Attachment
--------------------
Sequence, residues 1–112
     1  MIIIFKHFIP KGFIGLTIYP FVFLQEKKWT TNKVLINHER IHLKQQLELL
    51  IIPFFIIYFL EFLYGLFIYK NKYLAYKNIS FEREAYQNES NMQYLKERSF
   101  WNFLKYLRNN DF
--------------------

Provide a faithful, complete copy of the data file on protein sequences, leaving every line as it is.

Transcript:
Sequence, residues 1–112
     1  MIIIFKHFIP KGFIGLTIYP FVFLQEKKWT TNKVLINHER IHLKQQLELL
    51  IIPFFIIYFL EFLYGLFIYK NKYLAYKNIS FEREAYQNES NMQYLKERSF
   101  WNFLKYLRNN DF